Letter from Rome

So what is going on in Italy? Why is the pandemic not stopping and why are so many people dying?

Daud Khan March 27, 2020
A woman walks at Gianicolo hill, as Italy tightens measures to try and contain the spread of coronavirus disease (COVID-19), in Rome, Italy. PHOTO: REUTERS

I got back to Rome on March 11 from one of my regular trips to Pakistan. The city was locked down. Only food shops, chemists, tobacconists and newsagents were open. Schools, colleges, universities, gyms, swimming pools, restaurants, bars, cinema halls, theatres and hairdressers were all shut. Churches were open but all services, such as those for weddings and funerals, were suspended. People were advised to go out only for essentials (one person per household) and avoid any meetings and functions. One could go out for a run or bike ride but only by oneself. All organised sporting events, such as football matches and the Rome Marathon were cancelled.

It was bizarre to see Rome like this. My local fresh food market that is normally full of people from 7.00AM until closing time at 2.00PM was almost empty; main thoroughfares, normally choked with traffic, were devoid of any vehicles; popular tourist sites, such as the Trevi Fountain and the Spanish Steps, were empty. With all bars closed, there was no place to get an espresso coffee, cappuccino or cornetto. All this was particularly striking as these are the first days of spring and, with the beautiful weather, the city should have been throbbing with locals and tourists.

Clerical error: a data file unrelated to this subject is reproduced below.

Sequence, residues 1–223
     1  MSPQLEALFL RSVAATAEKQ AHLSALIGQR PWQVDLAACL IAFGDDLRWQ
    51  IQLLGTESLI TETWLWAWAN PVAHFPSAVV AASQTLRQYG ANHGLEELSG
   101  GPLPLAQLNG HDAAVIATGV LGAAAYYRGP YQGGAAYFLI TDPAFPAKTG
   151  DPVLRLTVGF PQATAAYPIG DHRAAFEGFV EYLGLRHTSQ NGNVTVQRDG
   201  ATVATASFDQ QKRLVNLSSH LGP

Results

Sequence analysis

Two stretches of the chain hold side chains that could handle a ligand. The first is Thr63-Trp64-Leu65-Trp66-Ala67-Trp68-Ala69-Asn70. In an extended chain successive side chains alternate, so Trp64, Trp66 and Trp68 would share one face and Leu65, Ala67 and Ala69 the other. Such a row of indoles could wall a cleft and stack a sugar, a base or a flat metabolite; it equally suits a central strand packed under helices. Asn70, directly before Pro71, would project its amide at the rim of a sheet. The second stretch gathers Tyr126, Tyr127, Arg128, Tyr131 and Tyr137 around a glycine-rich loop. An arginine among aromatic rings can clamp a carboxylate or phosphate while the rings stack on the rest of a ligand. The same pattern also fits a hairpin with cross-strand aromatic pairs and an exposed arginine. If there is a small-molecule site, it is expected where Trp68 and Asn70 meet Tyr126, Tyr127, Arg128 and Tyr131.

But all this calm was misleading. The incidence of diagnosed Covid-19 patients carried on increasing as did the number of deaths. On March 19, the death toll in Italy reached 3,400, overtaking the total number of deaths in China (circa 3,300). And things kept getting worse. The daily death toll kept rising and crossed 700 a few days later with the total cases crossing 70,000 and deaths exceeding 7,000. Hospitals in the hot spots such as the region of Lombardia were overwhelmed with patients in the general ward when they should have been in the ICU; doctors were turning away patients who should clearly have been in the hospital and not home; and army trucks were taking away dead bodies for cremation as local undertakers were overwhelmed.

On March 22, the government announced further measures to restrict movement shutting all professional activities such as those of lawyers and accountants, as well as many factories not considered essential; closing all parks and playgrounds; limiting sales of food at railway stations and highways; and restricting people to their homes except for essential shopping and work. Factories had to make adjustments to allow a distance of one metre between workers. Supermarkets and pharmacies had to limit the number of people inside the premises and those queuing outside had to maintain the one metre safety distance. The sanctions for breaking rules were severe and included fines and a possible prison sentence of up to three months. The police, traffic wardens, the military police (Carabinieri), the tax police (Guardia di Finanza) and the army were called to intensify controls, and roadblocks were set up. The Prime Minister called it the greatest emergency since the Second World War.